On a cloudy day, like in the photo above, I can time my photos so that they happen when the sunlight is being diffused by clouds, which makes the light softer and more pleasant.
You can't control the weather, but you should understand how it will affect the quality of your photographs and use it's different properties to your advantage.
The Problem with Brightness
Having a lot of light can be both a blessing and a curse. Having a lot of light means you have a lot of flexibility with your camera settings. Bright sunlight allows you to shoot with a large range of shutter speeds, which means you can freeze fast motion, and it allows you to shoot with small apertures, yielding sharp photos.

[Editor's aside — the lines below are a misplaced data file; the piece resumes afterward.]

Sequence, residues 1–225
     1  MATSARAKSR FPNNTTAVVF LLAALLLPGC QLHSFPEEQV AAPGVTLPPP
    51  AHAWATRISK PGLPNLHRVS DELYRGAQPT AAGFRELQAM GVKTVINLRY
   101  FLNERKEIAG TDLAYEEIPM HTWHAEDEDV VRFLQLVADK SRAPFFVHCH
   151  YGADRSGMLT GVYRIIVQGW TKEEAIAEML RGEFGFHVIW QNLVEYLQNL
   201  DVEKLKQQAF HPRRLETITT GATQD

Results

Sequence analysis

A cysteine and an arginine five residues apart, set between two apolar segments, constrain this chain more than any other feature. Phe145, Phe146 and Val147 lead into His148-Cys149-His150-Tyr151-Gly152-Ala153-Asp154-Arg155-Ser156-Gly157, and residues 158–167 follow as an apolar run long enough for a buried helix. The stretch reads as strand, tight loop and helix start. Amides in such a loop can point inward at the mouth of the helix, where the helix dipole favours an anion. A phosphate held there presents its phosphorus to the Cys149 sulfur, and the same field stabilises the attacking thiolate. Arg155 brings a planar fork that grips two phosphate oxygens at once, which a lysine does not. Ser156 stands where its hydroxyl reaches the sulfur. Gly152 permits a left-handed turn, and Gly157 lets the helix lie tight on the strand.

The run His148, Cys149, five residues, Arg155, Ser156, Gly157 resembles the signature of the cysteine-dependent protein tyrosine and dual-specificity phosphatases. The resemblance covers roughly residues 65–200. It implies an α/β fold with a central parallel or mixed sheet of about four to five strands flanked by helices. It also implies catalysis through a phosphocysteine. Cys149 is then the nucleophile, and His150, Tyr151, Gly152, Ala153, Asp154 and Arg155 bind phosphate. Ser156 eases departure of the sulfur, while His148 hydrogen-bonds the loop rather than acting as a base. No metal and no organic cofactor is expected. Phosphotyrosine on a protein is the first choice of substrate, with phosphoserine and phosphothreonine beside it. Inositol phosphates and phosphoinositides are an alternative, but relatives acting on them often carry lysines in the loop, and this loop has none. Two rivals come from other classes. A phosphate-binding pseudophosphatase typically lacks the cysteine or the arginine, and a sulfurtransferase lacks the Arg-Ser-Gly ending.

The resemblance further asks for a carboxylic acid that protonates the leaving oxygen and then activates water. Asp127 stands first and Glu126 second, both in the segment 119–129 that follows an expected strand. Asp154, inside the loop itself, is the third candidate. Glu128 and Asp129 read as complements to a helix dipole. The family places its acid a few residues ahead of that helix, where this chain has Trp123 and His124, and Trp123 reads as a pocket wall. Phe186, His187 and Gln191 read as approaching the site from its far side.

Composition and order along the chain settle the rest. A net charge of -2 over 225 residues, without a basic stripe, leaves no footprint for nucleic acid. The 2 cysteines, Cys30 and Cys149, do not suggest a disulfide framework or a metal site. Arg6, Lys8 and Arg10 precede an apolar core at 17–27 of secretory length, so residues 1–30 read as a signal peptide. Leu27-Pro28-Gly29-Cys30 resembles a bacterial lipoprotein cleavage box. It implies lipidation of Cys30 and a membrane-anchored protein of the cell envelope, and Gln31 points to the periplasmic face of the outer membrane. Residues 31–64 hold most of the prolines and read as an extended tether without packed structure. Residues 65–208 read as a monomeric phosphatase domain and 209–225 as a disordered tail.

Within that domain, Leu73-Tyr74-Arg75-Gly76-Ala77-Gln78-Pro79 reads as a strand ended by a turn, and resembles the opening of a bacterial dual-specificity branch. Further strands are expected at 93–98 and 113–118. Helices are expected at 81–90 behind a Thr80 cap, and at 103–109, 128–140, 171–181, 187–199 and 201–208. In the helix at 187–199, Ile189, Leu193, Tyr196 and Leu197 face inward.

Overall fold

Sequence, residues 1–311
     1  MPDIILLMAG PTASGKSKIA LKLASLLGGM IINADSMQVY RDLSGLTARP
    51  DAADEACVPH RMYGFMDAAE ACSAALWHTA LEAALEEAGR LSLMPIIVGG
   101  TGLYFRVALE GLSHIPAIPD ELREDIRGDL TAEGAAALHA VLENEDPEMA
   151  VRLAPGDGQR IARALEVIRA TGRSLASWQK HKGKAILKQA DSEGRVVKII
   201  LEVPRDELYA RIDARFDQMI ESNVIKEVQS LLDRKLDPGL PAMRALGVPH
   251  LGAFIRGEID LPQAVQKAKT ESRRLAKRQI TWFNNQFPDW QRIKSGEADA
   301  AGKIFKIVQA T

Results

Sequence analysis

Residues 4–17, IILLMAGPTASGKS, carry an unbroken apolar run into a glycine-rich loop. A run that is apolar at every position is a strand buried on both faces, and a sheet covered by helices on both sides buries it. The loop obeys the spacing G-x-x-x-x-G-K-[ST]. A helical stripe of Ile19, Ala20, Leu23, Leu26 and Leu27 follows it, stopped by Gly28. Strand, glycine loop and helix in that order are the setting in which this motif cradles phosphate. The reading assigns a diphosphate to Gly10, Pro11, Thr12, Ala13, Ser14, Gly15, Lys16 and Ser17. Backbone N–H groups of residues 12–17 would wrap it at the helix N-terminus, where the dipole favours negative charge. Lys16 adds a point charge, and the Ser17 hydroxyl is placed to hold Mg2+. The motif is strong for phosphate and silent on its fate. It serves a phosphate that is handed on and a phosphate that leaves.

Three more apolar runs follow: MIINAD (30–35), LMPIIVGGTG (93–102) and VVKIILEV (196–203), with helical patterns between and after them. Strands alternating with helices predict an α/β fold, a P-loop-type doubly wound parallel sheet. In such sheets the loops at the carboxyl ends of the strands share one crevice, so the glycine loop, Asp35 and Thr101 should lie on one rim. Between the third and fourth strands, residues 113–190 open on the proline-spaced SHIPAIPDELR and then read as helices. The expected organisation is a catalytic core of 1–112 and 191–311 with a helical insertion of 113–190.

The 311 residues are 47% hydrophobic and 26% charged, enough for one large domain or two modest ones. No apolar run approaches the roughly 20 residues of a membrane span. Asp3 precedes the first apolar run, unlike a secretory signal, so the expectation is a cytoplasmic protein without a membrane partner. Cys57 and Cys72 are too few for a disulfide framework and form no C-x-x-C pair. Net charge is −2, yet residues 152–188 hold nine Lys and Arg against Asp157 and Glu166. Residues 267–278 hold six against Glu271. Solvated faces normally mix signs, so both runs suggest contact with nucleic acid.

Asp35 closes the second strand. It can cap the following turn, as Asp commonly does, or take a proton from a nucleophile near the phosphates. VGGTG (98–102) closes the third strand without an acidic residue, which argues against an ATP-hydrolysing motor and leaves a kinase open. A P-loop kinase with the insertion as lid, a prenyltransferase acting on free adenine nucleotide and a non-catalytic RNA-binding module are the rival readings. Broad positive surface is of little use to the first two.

There are lots of situations when you want to shoot at lower shutter speeds. What if, for example, you want to soften a stream of water, or show light trails in your photographs? Or, as in the photo above of my daughter, you want a narrow depth of field. A narrow depth of field is achieved with a low F-Stop, nearly impossible to do with full sun, but easy to accomplish during the magic hour.
This means shooting earlier or later in the day. Photographers usually refer to this time as Magic Hour. It's really two magic half hours that occur one half hour before sunrise and a half hour after sunset. The sunlight during this time acts as reflected light, which means soft, diffused shadows.